4 Things You Should Know About Rejected Dental Implants
Are you concerned that your dental implant may reject? With any implant, rejection can be a legitimate concern--but there are a few things that you should know about dental implant rejection in particular. Dental implants are extraordinarily safe, and discussing this situation with your dentist may be the best way to alleviate your concerns.
1. Dental Implants Rarely Reject
Rejection with dental implants is extremely rare; most patients will never need to worry about this. Though the dental process is somewhat invasive--it's an implant within your bone--the jaw tends to heal very well. This is why there are so many types of dental implants, from single teeth to entire dentures.
2. Implant Rejection Isn't Usually Dangerous
An implant rejection simply means that the bone fails to grow around the dental implant, so the implant will not be secured. An implant rejection usually isn't painful or dangerous. There may be some discomfort or swelling associated with the movement of the implant, but otherwise you should not be in significant pain. In more serious cases, the body may act against the foreign material more severely, and infections and other complications may occur--but these issues can usually be caught early to avoid serious medical problems.
3. Most Implants Will Simply Be Replaced
On the off chance that your dental implant does reject, all is not lost. Usually, your jaw will be given some time to heal and then another implant will be placed. No permanent damage is usually done. The jaw bone itself may erode or suffer from some bone loss, but this can be healed. If you aren't interested in trying another implant, there are other alternatives available, such as bridges.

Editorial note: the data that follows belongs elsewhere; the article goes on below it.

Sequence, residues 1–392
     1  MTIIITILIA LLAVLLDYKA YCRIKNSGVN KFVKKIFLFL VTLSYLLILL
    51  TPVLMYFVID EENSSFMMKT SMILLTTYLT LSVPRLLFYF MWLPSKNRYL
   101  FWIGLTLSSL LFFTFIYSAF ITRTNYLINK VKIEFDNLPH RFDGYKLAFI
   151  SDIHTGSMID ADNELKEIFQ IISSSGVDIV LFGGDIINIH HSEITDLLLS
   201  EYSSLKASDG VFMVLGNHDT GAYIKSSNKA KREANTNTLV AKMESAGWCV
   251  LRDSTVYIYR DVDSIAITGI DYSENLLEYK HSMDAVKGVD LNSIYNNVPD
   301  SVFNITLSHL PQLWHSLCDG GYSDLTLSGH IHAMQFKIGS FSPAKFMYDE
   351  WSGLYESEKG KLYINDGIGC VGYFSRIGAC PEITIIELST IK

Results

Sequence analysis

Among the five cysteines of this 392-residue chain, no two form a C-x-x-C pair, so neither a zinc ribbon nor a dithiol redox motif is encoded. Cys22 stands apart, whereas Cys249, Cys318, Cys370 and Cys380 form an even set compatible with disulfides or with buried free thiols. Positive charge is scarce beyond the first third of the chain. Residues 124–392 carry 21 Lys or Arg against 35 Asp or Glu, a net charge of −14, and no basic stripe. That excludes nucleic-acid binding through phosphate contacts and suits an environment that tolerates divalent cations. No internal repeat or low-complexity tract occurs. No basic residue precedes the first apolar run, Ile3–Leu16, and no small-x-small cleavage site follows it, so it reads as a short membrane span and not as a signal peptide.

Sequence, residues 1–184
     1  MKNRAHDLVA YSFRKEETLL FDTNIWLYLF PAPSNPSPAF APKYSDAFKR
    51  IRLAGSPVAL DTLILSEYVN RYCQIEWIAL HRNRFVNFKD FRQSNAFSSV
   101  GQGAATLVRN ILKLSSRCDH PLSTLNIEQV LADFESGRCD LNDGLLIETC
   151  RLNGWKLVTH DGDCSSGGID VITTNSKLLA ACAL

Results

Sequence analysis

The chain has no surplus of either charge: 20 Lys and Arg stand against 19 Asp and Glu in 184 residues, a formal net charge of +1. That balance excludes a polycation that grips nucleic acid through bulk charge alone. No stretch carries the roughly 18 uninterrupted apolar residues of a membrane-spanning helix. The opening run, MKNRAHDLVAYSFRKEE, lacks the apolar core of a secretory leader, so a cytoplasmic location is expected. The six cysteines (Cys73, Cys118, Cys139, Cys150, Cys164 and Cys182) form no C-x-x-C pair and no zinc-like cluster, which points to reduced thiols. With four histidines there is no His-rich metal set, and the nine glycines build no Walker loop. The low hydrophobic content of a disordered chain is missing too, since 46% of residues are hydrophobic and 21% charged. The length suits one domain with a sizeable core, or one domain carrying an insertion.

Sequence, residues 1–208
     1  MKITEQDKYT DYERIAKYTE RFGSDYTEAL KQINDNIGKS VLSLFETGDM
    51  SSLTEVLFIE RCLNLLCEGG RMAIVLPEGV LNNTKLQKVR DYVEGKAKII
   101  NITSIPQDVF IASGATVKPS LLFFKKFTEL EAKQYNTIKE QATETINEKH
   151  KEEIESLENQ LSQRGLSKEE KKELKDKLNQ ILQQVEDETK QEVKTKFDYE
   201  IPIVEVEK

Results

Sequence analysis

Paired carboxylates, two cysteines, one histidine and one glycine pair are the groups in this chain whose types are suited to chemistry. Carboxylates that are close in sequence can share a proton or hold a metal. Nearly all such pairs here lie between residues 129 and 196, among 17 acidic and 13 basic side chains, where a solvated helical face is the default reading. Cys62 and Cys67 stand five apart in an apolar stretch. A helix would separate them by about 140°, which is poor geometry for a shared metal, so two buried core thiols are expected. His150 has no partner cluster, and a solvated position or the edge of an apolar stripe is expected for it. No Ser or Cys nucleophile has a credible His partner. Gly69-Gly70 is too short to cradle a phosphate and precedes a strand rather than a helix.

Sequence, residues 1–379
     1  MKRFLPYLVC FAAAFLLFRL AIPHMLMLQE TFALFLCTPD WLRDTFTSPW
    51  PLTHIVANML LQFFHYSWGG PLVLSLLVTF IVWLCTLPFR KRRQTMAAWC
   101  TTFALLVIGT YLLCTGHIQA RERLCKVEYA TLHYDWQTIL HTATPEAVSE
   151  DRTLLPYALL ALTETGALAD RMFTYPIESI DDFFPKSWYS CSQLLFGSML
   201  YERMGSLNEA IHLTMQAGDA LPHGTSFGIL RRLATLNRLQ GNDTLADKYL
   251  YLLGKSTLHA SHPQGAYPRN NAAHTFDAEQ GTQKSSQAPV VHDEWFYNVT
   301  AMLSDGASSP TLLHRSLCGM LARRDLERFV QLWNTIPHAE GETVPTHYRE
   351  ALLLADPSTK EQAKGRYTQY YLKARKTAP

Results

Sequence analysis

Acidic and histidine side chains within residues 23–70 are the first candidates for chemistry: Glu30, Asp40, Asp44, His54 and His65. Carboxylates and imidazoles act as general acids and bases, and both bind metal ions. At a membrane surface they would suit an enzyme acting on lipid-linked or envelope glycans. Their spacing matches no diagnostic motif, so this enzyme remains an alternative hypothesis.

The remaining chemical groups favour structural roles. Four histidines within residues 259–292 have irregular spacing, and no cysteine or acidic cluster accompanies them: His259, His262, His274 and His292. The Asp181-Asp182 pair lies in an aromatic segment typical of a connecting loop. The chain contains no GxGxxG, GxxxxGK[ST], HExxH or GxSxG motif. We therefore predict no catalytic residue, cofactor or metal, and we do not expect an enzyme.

4. People With Titanium Allergies Are More Likely to Reject
Because titanium is used in dental implants, those with allergies to titanium are more likely to reject. If you aren't certain whether you are allergic to titanium, you may want to get an allergy test beforehand. There are other materials that dental implants can be made out of, but titanium is optimal because it is durable and because it does not harbor bacteria.
In short, there are very few reasons why a dental implant would reject--and most of the risk factors will be obvious from the very start. That being said, there are some people who may be more likely to reject implants than others, so all options must be discussed with your dentist and you should give them your full medical history.